Ink & Blood – The Dead Sea Scrolls and the Great Isaiah Scroll by BYU prof., Donald W. Parry


Last Wednesday night (February 21), for the second session of the special distinguished speaker series connected to the Ink & Blood exhibit in Idaho Falls, I sat inside the auditorium of Trinity United Methodist Church by the Museum of Idaho.  The church building was packed.

Nick, the museum program director, introduced our speaker for the night.  He mentioned Don serving as a member of the Dead Sea Scrolls international team for 13 years and having edited or authored over two dozen books.  He declared Don to be a highly qualified speaker on the topic.  Now as I blog Don’s lecture, please realize that I am fallible.  Please clarify anything where I have been unintentionally inaccurate. I take full responsibility for any error in this venue of communication. 

With self-defacing humor, Don warmed up his audience.  Briefly he shared how his wife, Camille, wanted to be in Idaho Falls; but alas, she is a mother of six, two still living at home.  In the past, she had told him he was a “model husband.”  But because Don is a man who continually deals with words and translates words, he told us all that in curiosity he looked up the definition of “model.”  Lo and behold, the definition declared him to be “cheap, an imitation of the real thing” (consequently, laughter from the audience).  Don grew up near Nampa, Idaho; his wife came from Nevada.  On the first request for a date with his wife, she responded, “I guess” (more laughter).  But since marriage, they make it a habit of dating each other once a week.


Concerning the Ink & Blood exhibit, Don expressed with enthusiasm, “This exhibit—it is amazing.  First rate.”  You can see for yourself the KJV “Wicked Bible” where the “not” is left out, leaving for the reader “Thou shalt commit adultery”.  This error made this Bible worth more than others today.  Of course, the printer back then was fined 300 British pounds.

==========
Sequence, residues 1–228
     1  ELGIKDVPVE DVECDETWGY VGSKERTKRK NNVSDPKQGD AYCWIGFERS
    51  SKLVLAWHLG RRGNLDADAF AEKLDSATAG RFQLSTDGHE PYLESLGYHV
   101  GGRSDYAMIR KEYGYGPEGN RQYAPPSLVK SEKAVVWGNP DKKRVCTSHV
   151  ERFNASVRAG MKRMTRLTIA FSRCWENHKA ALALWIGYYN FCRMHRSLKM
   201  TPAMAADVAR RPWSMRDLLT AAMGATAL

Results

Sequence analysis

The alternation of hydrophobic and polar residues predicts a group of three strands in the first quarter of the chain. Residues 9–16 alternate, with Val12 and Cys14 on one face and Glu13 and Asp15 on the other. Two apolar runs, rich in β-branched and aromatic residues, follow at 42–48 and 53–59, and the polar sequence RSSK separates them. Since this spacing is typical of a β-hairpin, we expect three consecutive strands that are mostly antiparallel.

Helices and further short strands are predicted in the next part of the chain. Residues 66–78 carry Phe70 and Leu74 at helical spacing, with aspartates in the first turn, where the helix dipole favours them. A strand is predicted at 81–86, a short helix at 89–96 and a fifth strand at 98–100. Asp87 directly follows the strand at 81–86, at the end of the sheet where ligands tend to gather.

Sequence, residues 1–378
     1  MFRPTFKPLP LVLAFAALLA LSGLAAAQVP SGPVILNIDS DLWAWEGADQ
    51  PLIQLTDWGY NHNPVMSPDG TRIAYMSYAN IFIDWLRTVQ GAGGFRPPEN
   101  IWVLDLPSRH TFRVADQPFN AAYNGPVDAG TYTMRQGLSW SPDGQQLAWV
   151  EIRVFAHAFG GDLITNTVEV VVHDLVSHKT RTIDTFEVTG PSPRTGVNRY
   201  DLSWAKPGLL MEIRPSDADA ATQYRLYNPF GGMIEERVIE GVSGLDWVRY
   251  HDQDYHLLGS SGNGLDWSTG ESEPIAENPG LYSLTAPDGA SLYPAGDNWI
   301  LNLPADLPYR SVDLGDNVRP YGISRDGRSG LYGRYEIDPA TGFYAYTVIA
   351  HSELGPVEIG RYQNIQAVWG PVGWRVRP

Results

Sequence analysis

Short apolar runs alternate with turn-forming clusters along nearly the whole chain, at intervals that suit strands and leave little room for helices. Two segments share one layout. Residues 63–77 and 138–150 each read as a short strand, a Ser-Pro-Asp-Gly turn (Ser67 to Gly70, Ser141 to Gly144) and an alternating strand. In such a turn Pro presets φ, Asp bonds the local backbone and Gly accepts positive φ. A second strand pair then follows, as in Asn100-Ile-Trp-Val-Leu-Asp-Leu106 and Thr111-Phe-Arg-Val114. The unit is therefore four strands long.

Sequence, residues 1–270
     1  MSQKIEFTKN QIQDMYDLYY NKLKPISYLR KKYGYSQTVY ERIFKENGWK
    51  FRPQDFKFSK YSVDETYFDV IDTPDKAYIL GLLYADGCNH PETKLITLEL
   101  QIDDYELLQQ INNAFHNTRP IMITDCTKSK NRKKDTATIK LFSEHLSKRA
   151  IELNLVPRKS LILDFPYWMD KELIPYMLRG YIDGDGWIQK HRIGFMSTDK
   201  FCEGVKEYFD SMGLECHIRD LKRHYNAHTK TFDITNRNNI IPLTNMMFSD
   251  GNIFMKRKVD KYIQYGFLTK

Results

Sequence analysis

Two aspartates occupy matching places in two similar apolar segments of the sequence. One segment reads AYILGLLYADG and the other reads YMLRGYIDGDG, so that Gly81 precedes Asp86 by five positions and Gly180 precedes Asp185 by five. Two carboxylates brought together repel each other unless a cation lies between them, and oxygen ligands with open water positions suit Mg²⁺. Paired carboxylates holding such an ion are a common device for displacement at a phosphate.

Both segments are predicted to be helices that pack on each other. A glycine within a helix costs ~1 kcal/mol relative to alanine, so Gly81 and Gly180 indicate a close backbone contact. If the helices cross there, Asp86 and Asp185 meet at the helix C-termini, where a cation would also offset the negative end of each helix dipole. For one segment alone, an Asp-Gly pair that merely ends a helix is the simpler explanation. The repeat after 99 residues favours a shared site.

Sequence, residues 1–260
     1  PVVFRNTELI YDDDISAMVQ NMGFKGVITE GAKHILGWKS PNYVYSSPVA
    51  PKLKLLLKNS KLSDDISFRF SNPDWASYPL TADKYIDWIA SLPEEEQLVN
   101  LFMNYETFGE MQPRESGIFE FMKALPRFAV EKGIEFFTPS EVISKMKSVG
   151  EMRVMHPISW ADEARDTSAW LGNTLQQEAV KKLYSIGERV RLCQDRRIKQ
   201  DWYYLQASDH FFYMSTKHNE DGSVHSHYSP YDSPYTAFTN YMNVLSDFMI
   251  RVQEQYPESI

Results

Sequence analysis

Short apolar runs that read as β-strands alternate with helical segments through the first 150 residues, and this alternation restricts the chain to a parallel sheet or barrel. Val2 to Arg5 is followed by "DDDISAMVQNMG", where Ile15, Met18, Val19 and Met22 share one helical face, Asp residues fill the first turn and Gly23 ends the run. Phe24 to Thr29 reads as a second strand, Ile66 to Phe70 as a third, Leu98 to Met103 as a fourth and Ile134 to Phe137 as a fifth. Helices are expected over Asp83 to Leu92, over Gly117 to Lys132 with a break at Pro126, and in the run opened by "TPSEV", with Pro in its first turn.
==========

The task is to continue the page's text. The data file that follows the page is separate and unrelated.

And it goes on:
Getting down to business, Don mentioned his primary work on the Great Isaiah Scroll.  “It is very important, valued at more than 50 million dollars, and one of the greatest treasures for the country of Israel.”

Don questioned, “How significant are the Dead Sea scrolls?”  Well, “they were discovered in the Holy Land; they are written in Hebrew; they are the world’s oldest Old Testament writings, by more than 1,000 years; and they include scores of previously unknown religious texts, such as theTempleScroll.”

The Dead Sea Scrolls were discovered by two Bedouin shepherds in 1947.  Eventually in all, there were eleven important caves that became sources for the ancient fragments.  Cave 11 contained the 28 foot long,Temple Scroll. 

I was amazed when Don shared how the early findings from the Qumran caves were taken to an antiquity dealer.  And scandalously, the dealer offered the equivalent of $20 for the rare catch!  “Did they get a good deal?  I don’t think so.  I tell people I would have paid at least double the amount.”


Emmanuel Tov became the key man for granting Don official permission to work on the scrolls.  Don explained that when he first drove up to the museum housing the Isaiah scroll, he presented his papers.  The security handed them back and wouldn’t let him in.  So Don tried to communicate in modern Hebrew.  It didn’t work.  Finally, as inward frustration mounted, he mentioned the curator’s name.  Joe (I think.).  Bingo!  The gate went up.  Don laughed, “I would just use the name for clearance.  If you want to work on the scrolls, just mention the name.”


Don recounted to us his respect for Emmanuel Tov, whose first name means “God is with us.”  This is the Messianic prophecy in Isaiah 6.  God with us.  And Emmanuel’s last name means good.  He told us of his relationship with Emmanuel in co-authoring and co-editing scholarly material. 


This brings a story to mind.  One day, Don shared a meal with Emmanuel Tov and Frank Cross, Jr. in a café somewhere on the East coast.  It went something like this.  “Frank and I are both Christians.  Yet because of my faith, I don’t drink coffee.  And Emmanuel doesn’t eat shrimp.”  Unfortunately during a bathroom break, somehow both coffee and shrimp got ordered.  I think it was Frank who said, “I am sorry. I have offended both of you, coffee and shrimp.”  Yet Don expressed with a smile, “We are all of different faiths, but we love one another.”



A Brief Introduction to the Dead Sea Scrolls Bible


Don showed the statistics for the number of biblical manuscripts among the Dead Sea Scrolls corresponding to each Old Testament book.  For example, the Pentateuch fanned out as such, fifteen for Genesis, seventeen for Exodus, thirteen for Leviticus, eight for Numbers, and twenty-nine for Deuteronomy.  Isaiah carried twenty-one.  Pretty cool, huh.  The only Old Testament book not found in the Qumran caves is Esther.  Don thinks the reason is not because of the lack of God’s name in the book or that it is named after a woman, but that fragments from Esther just didn’t survive.


Don also remarked, “Scribes were professionals.”  They inscribed with a pen.  They cut the lines; and they would hang the letters from the lines.  Of the 900 plus scrolls, 12% were on papyrus, 1% on copper, and the rest on leather.  For language usage, 90% were in Hebrew, 9% Arabic, and 1% Greek.

The Great Isaiah Scroll